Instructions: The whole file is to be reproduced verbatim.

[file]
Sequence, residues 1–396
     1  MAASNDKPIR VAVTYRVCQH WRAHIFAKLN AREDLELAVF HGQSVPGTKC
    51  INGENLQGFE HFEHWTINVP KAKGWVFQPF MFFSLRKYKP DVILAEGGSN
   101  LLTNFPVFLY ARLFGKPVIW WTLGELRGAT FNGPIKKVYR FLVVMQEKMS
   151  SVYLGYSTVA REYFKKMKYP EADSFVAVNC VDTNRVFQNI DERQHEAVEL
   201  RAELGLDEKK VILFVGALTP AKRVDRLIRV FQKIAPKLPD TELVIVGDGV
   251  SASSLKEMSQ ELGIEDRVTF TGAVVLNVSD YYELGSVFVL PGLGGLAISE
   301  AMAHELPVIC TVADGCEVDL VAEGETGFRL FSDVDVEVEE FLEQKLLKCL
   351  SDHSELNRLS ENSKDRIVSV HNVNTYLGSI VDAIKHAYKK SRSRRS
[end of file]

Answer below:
Sequence, residues 1–396
     1  MAASNDKPIR VAVTYRVCQH WRAHIFAKLN AREDLELAVF HGQSVPGTKC
    51  INGENLQGFE HFEHWTINVP KAKGWVFQPF MFFSLRKYKP DVILAEGGSN
   101  LLTNFPVFLY ARLFGKPVIW WTLGELRGAT FNGPIKKVYR FLVVMQEKMS
   151  SVYLGYSTVA REYFKKMKYP EADSFVAVNC VDTNRVFQNI DERQHEAVEL
   201  RAELGLDEKK VILFVGALTP AKRVDRLIRV FQKIAPKLPD TELVIVGDGV
   251  SASSLKEMSQ ELGIEDRVTF TGAVVLNVSD YYELGSVFVL PGLGGLAISE
   301  AMAHELPVIC TVADGCEVDL VAEGETGFRL FSDVDVEVEE FLEQKLLKCL
   351  SDHSELNRLS ENSKDRIVSV HNVNTYLGSI VDAIKHAYKK SRSRRS